When a young girl is brutally raped and murdered in a quiet French village, a police detective starts investigating the crime, which turns the whole community upside-down. The detective, a humble man burdened with the wrongdoing of others, slowly divulges his despair and the dread of his own guilt.
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Perhaps this asks questions of the viewer's relationship to the provinces and the working classes; the muted members of society. The quietude is explosive, giving all possibilities but choosing only one - this conversly makes the simple lives more mysterious, profound. Does the film emerge coherently from Courbet's "L'Origine du monde", Duchamp's "Étant donnés"?
Essential cinema. Dumont's second feature was a 3 time award winner at Cannes including the Grand Prix and two acting awards for its non-professional leads Emmanuel Schotte (who to date has never acted again) and Severine Caneele. Scripting was excellent with an understory of a child's murder being supplanted within the lives of a triangle of damaged people. Miserable, sexually frank and disturbing but mesmerizing.
I found the movie to be captivating,ive never seen a film that forces the viewer to slow down and watch lifes intricacies ,I found it a refreshing change from the big Hollywood films that force you to speed up.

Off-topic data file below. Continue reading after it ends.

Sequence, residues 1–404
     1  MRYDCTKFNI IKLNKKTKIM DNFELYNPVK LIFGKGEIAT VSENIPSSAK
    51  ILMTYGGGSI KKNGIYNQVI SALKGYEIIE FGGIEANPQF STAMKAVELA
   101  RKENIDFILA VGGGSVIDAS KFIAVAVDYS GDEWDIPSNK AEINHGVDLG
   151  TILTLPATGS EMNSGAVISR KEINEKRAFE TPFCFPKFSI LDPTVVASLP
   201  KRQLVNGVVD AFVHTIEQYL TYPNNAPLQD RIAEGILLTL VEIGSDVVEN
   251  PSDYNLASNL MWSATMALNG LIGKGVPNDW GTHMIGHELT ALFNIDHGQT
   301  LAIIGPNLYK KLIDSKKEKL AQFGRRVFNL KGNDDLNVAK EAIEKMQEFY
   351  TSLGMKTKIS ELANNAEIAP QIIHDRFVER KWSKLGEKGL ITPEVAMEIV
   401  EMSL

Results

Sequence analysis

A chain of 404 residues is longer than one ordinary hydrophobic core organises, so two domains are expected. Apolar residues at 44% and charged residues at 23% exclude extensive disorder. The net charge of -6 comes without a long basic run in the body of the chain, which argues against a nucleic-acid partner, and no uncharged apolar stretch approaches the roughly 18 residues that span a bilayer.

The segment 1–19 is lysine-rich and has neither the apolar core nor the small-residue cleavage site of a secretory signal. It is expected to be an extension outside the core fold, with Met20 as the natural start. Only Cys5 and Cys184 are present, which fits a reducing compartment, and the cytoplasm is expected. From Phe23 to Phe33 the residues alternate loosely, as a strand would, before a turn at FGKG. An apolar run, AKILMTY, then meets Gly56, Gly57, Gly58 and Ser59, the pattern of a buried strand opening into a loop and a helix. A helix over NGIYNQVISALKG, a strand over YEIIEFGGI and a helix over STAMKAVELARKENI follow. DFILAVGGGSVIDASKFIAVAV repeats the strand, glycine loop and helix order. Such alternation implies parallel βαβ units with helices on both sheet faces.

I also applaud the male and female leads on sterling performances.
What I think first drew me to the early Dumonts was a combination of the flagrantly picturesque and fantastically grotesque married to epic miserablism. Miserablism? Clearly I had not adequately allowed these movies to teach me how to watch them. In the wake of a couple Dumont comedies, I now see that 'touched' non-actor Emmanuel Schotté is equal parts Buster Keaton and Andy Kaufman, and the curious core of HUMANITÉ.
This is a film that gently reveals itself. His direction is masterful, because he uses non-actors and really knows how to get great performances from them. I'd say he's definitely better than Bresson in that aspect. There's so much to this movie that lies beneath the surface that you might not pick up the first time.
Cinema Verite as the Anthropological Experience. Regulated humanism; memorium time capsules of inhabitable analyses. Thankful I am to transcendental historians - like Dumont, Denis, Costa, and Reygadas - for their patient exposures. Cinema as the way of the Historian.